FIU
Wittels

MIAMI -- Garrett Wittels said he would tip his cap to the person who ended his hitting streak.

Much to Florida International's dismay, Friday was the night he made good on that promise.

Wittels' pursuit of NCAA history is over. He went 0 for 4 against Southeastern Louisiana, leaving him two games shy of matching Robin Ventura's 58-game Division I record set in 1987 and four short of the NCAA all-divisions mark of 60 games by Damian Costantino of Division III Salve Regina from 2001 to 2003.

Southeastern Louisiana won the game 10-2. It was the season opener for both teams.

Wittels' best chance for a hit came in the eighth, but his sharp grounder to third was snared by a diving Jonathan Pace, who scrambled to touch the base in time for the second out of the inning. It went in the books as a fielder's choice, Wittels' second of the night, and that was the junior shortstop's final chance.

Wittels reached on a fielder's choice in the first, fouled out near the right-field bullpen in the third and grounded out to third in the sixth inning - one pitch after successfully lobbying plate umpire Michael Baker that a ball which appeared to hit his hand actually hit the knob of his bat instead.

Wittels went 0 for 3 against Brandon Efferson and 0 for 1 against reliever Stefan Lopez.

He was 7 for 7 in late-game situations with the streak on the line in 2010, and nearly came through again in the eighth. But Pace made the play, and Wittels gave him a congratulatory pat as they crossed paths in the infield between innings.

With the streak over, it's doubtful things will completely return to normal for Wittels anytime soon.

He made headlines on and off the field in 2010, first for the streak that helped FIU win the Sun Belt Conference title and won him the league's player of the year award, then for an alleged rape of a 17-year-old while with friends in the Bahamas last December. Wittels was freed on bond, but the case is not expected to be resolved for months.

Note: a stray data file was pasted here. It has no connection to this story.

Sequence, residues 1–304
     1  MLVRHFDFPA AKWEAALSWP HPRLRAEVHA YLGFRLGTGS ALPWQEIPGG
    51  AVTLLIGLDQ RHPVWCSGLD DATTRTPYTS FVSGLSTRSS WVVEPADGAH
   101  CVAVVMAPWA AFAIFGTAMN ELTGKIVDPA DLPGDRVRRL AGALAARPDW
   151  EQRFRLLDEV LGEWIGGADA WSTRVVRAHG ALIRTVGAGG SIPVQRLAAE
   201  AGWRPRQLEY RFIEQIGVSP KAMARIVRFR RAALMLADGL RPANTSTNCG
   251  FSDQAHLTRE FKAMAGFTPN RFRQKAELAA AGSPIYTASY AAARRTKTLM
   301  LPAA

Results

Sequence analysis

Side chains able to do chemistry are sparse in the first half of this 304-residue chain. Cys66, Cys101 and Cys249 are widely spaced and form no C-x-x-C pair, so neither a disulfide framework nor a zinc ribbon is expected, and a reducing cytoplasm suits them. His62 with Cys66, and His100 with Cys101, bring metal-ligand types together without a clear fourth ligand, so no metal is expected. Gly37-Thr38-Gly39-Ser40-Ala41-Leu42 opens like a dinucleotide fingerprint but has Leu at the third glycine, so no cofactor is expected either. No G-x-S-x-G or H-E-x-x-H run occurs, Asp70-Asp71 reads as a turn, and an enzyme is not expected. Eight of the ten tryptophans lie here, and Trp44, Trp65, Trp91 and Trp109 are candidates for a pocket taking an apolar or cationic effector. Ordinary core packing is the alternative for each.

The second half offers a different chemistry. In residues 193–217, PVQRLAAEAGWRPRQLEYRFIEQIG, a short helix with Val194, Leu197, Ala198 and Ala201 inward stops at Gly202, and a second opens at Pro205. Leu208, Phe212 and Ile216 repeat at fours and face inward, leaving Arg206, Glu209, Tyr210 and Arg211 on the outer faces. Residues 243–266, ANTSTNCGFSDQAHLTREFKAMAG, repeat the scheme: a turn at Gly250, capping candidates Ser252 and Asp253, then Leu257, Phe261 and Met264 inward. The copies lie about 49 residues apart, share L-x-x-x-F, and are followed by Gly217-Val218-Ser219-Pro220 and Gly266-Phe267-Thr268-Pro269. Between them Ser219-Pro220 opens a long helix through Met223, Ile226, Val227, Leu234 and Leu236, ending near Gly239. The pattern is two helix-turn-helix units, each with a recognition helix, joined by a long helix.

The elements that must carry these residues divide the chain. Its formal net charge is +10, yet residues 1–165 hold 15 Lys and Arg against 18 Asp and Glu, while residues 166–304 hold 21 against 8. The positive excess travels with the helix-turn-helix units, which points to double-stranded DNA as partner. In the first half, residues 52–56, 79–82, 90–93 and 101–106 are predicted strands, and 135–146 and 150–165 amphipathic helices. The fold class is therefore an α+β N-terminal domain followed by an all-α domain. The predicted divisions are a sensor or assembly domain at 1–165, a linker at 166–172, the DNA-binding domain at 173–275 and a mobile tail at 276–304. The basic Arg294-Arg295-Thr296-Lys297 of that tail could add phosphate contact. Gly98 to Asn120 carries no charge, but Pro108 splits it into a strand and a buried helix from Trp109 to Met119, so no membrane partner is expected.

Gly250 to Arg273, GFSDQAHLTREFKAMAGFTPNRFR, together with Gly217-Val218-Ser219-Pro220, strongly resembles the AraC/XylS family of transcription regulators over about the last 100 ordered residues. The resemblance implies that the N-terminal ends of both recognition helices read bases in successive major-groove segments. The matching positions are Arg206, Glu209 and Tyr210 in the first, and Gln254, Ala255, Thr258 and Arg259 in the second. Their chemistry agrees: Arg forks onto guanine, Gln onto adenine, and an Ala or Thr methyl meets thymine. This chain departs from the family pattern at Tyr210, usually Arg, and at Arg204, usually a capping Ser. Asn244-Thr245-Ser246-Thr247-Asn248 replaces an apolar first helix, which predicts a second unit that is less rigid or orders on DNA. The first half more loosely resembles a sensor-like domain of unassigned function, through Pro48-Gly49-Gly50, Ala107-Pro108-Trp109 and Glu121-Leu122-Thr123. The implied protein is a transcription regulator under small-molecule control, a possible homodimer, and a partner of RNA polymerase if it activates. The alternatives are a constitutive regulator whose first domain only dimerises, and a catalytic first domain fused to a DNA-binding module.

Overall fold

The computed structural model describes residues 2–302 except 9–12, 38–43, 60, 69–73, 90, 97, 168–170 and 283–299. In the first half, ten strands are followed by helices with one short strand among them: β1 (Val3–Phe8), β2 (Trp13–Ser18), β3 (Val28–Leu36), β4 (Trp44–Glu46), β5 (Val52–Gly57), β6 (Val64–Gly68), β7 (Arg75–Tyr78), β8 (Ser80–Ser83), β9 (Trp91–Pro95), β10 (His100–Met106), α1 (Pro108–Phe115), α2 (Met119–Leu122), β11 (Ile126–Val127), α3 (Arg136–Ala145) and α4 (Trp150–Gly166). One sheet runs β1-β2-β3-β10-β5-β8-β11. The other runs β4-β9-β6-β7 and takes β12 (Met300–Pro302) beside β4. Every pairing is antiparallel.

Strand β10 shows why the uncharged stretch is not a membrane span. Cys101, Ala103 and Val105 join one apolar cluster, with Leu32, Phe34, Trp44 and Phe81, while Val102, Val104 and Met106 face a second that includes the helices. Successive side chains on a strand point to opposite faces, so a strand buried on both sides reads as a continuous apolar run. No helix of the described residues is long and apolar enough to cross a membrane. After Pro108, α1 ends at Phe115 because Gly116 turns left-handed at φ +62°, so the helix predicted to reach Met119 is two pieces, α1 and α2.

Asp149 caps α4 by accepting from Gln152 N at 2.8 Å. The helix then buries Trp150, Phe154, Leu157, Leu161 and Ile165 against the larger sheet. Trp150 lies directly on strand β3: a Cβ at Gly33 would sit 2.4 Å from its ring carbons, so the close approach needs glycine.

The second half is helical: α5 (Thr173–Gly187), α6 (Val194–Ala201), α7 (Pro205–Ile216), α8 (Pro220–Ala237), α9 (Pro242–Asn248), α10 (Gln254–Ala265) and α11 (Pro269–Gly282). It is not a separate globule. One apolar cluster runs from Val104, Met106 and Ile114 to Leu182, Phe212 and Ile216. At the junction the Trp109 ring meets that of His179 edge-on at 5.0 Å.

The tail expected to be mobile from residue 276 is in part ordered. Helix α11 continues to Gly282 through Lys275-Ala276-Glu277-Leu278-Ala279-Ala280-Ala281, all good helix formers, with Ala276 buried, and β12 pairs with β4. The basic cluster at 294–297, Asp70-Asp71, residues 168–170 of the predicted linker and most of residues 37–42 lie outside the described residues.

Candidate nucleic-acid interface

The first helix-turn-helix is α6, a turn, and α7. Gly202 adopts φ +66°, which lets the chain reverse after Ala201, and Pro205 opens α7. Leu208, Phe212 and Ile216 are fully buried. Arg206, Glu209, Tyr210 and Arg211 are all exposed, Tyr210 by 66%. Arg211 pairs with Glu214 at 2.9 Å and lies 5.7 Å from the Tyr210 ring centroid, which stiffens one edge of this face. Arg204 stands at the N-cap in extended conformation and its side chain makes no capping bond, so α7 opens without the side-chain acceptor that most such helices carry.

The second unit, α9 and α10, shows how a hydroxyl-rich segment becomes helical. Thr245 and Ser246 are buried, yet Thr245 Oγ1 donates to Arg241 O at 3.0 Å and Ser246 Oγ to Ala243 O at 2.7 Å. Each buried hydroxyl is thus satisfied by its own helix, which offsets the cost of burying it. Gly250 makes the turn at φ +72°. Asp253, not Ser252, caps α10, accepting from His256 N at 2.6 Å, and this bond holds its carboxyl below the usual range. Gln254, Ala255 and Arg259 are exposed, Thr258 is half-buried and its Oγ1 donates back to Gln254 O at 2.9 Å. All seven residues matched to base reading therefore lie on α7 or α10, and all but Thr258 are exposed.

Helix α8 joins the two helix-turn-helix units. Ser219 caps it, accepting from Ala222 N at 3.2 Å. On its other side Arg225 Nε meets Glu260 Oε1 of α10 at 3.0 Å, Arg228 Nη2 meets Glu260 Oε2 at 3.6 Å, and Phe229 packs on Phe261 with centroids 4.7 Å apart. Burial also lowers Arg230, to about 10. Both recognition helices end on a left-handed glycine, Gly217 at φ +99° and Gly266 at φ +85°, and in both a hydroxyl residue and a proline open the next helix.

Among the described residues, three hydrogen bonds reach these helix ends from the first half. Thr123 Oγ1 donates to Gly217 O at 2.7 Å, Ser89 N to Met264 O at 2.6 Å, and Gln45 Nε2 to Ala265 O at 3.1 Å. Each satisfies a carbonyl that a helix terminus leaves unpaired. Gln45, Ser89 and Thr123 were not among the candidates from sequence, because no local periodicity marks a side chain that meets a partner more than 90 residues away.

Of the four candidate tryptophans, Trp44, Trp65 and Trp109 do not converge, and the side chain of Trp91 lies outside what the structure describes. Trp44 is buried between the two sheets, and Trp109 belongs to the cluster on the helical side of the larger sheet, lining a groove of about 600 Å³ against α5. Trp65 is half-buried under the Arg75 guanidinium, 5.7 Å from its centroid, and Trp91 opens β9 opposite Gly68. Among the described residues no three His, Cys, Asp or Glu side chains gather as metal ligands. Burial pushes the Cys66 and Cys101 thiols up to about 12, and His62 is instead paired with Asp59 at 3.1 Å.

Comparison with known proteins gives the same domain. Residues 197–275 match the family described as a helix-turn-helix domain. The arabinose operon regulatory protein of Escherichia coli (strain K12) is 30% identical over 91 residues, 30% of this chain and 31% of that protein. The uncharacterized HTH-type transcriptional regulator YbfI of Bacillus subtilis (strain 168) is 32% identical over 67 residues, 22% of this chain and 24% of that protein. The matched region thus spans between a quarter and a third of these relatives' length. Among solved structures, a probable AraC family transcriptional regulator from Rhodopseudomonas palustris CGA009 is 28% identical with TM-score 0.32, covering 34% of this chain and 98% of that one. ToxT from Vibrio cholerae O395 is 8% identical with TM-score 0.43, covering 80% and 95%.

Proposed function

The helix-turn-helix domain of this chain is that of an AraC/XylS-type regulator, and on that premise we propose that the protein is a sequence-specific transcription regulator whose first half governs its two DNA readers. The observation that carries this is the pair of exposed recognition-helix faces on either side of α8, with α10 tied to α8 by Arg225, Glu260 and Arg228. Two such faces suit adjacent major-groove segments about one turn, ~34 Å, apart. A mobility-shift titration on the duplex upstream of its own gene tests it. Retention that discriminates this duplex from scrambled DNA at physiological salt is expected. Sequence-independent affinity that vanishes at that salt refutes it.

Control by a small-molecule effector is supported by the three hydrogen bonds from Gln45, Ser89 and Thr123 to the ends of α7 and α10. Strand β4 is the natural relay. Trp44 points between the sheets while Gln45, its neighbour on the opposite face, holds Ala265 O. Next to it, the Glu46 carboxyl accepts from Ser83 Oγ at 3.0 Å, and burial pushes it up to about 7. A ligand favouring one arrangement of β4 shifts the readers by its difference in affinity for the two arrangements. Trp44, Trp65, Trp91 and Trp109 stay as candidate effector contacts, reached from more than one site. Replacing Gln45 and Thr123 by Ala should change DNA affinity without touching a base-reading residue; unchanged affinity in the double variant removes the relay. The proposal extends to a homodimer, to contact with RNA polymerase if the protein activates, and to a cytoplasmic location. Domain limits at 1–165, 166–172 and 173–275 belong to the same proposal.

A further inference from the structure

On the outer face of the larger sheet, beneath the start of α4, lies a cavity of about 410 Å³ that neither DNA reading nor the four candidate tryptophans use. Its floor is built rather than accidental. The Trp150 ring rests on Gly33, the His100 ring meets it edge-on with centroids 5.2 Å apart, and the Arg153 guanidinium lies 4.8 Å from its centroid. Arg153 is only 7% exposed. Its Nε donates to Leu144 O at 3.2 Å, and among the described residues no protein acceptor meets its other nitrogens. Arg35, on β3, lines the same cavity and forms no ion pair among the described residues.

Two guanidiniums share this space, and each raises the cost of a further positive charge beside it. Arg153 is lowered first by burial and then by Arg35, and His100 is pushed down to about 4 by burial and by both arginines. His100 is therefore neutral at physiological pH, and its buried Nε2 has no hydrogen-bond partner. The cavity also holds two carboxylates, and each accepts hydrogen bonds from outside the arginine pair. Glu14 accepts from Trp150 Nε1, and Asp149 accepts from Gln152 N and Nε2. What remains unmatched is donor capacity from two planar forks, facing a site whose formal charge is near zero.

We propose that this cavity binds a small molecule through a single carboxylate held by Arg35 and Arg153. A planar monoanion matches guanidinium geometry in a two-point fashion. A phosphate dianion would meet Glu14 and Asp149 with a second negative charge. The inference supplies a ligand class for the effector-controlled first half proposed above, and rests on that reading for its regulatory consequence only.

FIU allowed him to play, though it did not reveal that decision until two days before the opener.

For his part, Wittels insists that he's been able to focus on baseball and that he's able to "sleep well" in his belief that he was falsely accused in the Bahamas.

It was easy to see Wittels' level of excitement, even before the game.

When the team gathered to run a series of short sprints in left field about 25 minutes before the first pitch, Wittels typically started in the back of the pack, then passed just about everyone by the end. He hopped nervously from side to side at times while taking grounders during infield practice, then clapped his hands repeatedly on the way into the dugout.

The nerves showed at the plate, too: He swung wildly at the first pitch he saw Friday, missing badly and losing his balance.

Wittels' streak reached 56 games on June 5, 2010 - 259 days before Friday's matchup. He said having that kind of hiatus during the streak was incredibly tough.

Costantino will attest to that. He's been there.

"It's the exact same scenario," Costantino told The Associated Press on Friday. "I waited almost a whole year for two games."

Much like Wittels, Costantino's sophomore season ended with his hitting streak at exactly 56 games. The following spring, Costantino got hits in the first four games of his junior season, passing Ventura's record.

For months, Costantino sat on one of baseball's most revered numbers - 56, of course, is the number of consecutive games in which Joe DiMaggio hit safely for the New York Yankees in 1941, setting the major league record.

He made it past that magic benchmark. Wittels couldn't.

Costantino's wait to get a hit in game No. 57 was 308 days, and it was laden with drama. He struck out in his first three at-bats of the 2003 season opener before hitting a line-drive double in the seventh inning. As is common in Division III doubleheaders, the teams were playing two seven-inning games.

Two days later, with the streak pushed to 60, Costantino's record run came to an end. Costantino, recently married and still living in his hometown of Warwick, R.I., has followed Wittels' streak from afar.

"I'm sure waiting has been absolute torture for him," Costantino said.